Once I stopped feeling put down because I did all the housework, or overwhelmed about the housework, or depressed about the housework--I could start looking around with clear eyes and see what truly needed to be fixed in my soul, in my life, and in my marriage.

I stopped asking my husband to set the table.
I started asking him to write me love letters.

That transition, honestly, was a little scary. There were a couple of days during the Ugly Time when I said "I wish I was fighting with you about the housework." Fighting with my husband about housework is safe and limited. Fighting about "Do you let God truly Romance Your Soul" is vast and frightening. Yet guess which intense discussion is more likely to matter in heaven?

So that is my challenge to you lovely Christian wives. Stop fighting about the housework. Wash the dishes yourself. Then ask your husband to fix a broken speaker so that you can slow dance to Pandora in the living room tonight. At least for me, I learned that I need my husband to to be my protector, my provider and my hunky dancing partner a heck of a lot more than I need him to be my fellow "maid of all work."

Notes From My Husband: Jon said he heard a Norwegian Study on NPR yesterday that said that couples who evenly split chores were more likely to get divorced.


  1. I am really enjoying this series. Thank you so much.

  2. This is so timely. My husband and I got into an argument last night about basically this exact same thing. I ask him to do things for me that I could really be doing myself, and I often "save" some of the less pleasant tasks for him (such as scooping the cat litter). I'll need to read this post a few more times, and reflect more on this. Thank you.

  3. ooo this gives me a lot to chew on.

    And I love Jon's two cents at the end :)

  4. Thanks for writing this - so timely.

  5. Thanks for writing this - so timely.

  6. I would rather be divorced than live with a man who didn't do half the housework, so perhaps there's something to that Norwegian study.

    But our situation is different. My husband is going to be transferred overseas for three years (possibly to the U.S.), and although we have the option of going with him, we're going to stay put where we are, and he will go alone -- and presumably do 100% of his housework.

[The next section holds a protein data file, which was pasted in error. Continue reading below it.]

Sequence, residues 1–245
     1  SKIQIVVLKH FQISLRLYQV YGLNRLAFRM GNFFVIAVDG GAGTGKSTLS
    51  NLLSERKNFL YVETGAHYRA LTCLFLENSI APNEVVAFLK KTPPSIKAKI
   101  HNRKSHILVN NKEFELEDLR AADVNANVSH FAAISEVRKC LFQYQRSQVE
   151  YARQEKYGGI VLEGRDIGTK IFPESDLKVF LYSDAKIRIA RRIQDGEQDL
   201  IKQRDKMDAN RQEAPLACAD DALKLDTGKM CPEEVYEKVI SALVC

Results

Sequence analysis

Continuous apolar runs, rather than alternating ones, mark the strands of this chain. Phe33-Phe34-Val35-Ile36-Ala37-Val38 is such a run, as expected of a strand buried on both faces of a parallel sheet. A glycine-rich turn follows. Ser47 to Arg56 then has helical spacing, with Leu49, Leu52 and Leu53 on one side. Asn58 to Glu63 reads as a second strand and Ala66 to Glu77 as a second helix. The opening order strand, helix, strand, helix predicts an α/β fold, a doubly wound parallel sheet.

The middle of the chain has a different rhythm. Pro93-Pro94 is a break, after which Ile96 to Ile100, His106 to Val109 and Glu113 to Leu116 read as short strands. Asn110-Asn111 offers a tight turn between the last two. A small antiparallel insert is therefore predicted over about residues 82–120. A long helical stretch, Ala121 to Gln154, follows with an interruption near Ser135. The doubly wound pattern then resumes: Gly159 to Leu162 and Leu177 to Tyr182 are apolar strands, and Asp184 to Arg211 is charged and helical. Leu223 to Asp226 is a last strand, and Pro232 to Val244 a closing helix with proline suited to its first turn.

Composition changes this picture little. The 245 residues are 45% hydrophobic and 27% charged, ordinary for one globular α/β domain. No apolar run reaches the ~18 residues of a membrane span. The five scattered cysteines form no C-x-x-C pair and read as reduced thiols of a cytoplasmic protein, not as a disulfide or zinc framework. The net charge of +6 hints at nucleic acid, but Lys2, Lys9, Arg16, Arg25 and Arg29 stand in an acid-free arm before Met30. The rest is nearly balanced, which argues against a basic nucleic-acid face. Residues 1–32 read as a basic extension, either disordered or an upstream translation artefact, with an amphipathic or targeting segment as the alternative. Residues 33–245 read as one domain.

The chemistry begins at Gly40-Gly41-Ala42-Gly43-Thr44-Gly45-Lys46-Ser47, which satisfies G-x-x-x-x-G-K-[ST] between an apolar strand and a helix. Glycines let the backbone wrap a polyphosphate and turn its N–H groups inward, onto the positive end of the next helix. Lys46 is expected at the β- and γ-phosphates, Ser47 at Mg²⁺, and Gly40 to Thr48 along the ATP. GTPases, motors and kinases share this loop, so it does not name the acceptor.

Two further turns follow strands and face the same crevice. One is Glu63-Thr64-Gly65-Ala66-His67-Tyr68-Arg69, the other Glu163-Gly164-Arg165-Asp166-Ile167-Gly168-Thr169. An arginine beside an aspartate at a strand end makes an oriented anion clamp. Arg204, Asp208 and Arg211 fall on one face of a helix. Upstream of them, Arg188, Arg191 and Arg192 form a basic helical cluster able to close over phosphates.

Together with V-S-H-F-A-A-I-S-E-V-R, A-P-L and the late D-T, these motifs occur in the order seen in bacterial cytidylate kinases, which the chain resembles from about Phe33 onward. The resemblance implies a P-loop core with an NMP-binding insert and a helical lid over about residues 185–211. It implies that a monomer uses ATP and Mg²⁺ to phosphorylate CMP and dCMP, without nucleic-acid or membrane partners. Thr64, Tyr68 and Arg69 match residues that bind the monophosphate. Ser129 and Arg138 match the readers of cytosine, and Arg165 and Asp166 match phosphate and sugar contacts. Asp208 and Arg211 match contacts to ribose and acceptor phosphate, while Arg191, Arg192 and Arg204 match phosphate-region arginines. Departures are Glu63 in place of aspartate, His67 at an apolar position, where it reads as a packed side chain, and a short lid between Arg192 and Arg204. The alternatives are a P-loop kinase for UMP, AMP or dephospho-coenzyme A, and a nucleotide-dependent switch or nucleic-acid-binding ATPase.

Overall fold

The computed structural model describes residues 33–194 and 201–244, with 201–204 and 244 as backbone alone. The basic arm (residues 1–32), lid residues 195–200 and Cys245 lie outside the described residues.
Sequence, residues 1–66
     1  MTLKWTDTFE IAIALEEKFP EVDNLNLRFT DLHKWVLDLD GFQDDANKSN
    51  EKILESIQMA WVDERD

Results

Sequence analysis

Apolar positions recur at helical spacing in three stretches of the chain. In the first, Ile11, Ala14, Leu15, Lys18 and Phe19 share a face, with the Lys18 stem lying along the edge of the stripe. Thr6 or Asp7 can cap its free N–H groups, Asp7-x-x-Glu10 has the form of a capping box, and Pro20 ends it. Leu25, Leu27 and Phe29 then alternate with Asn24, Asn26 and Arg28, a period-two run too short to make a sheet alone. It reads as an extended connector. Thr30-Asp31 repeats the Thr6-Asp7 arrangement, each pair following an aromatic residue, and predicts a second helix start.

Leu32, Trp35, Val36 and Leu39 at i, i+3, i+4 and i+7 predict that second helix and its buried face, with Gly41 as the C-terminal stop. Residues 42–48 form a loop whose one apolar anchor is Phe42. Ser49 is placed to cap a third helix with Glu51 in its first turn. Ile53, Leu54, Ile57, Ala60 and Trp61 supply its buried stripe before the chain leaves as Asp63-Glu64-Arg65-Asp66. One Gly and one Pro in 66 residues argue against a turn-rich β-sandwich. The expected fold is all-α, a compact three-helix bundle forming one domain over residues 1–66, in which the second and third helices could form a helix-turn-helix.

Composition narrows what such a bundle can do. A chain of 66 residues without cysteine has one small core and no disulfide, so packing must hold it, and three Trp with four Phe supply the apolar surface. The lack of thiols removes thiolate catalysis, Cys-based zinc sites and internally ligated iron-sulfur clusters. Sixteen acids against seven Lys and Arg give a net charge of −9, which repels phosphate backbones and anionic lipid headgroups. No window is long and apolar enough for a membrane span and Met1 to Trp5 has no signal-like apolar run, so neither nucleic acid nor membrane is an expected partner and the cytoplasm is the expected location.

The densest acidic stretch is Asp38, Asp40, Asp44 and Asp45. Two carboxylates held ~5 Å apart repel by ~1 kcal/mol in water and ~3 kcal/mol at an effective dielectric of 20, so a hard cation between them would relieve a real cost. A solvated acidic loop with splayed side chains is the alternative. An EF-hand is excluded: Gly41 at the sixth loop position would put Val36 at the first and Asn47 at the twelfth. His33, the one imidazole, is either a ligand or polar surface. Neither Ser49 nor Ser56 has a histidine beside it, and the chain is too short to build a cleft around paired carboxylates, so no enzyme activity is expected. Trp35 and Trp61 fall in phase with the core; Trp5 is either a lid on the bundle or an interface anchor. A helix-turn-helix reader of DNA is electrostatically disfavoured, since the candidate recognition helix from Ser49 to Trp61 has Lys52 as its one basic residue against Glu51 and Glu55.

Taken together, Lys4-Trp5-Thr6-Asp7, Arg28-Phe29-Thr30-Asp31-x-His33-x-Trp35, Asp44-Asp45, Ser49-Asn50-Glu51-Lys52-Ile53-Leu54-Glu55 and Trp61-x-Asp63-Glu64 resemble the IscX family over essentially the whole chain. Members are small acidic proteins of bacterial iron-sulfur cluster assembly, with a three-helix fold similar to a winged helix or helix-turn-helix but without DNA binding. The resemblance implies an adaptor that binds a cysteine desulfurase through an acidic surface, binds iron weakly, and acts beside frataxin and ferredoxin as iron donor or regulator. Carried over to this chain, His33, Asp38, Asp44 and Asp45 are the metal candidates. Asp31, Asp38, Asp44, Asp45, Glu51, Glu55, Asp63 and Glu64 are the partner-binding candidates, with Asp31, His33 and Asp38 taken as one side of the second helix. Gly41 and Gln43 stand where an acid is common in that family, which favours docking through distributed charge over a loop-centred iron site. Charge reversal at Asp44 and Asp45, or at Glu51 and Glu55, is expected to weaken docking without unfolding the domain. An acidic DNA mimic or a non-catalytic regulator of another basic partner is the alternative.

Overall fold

I am a firm believer in families doing whatever works best for them, and I'm glad you found what works for you.

  7. What works for us is sharing some tasks but I think of myself as being in charge of the housework.

    Dom does a lot of sharing of kid-related tasks: changes diapers and helps pick up toys at the end of the day and putting on pajamas and brushing teeth. He also often gets up and gets the kids breakfast and changes early morning diapers. And does many middle of the night wake-ups.

    We used to split doing the dishes but that led to a lot of fights. Now I do dishes during the day and he does them after dinner. I do my best to empty the dishwasher during the day and to get the breakfast and lunch dishes into it and to clean up as I go when cooking dinner so there isn't a huge pile (sometimes there is a pile though) I also clear my plate and sometimes put away leftovers. But he is responsible for filling the dishwasher and starting it. Having one person be responsible for that is sanity saving and having it be me is crazy because half the time I'm nursing a baby who has been waiting oh so impatiently while I made dinner and ate dinner and can't keep waiting while I do the dishes. (Often with rally little babies I have to leave in the middle of dinner.) When I was responsible for doing the dishes or no one was, then they often were left undone until after all the kids were in bed at which point both of us wanted to just sit and relax and neither of us wanted to be in the kitchen doing dishes while the other sat and relaxed. I'd often drift off while putting the kids down and wake up only to find a sink full of dishes and a husband who was relaxing in front of the computer. That led to lots of fights, you can be sure. Agreeing that he'd just do it but that I'd try to do my best to make the task easier has brought a lot of peace.

    Also, we have totally switched from using baby wipes to paper towels because all of my kids have super sensitive skin that leads to constant diaper rash, often with bleeding sores. Our pediatrician recommended using plain wet paper towels to avoid all the chemicals that are in even the "sensitive skin" wipes. WE still have a lot of rashes, but at least the wipes aren't adding to the problem any more. I but the "make a size" jumbo packs of paper towels at Target and when I have a dirty diaper grab a handful of them and get them wet in the sink. We keep a little plastic bag on the changing table for wipes that don't get used right away.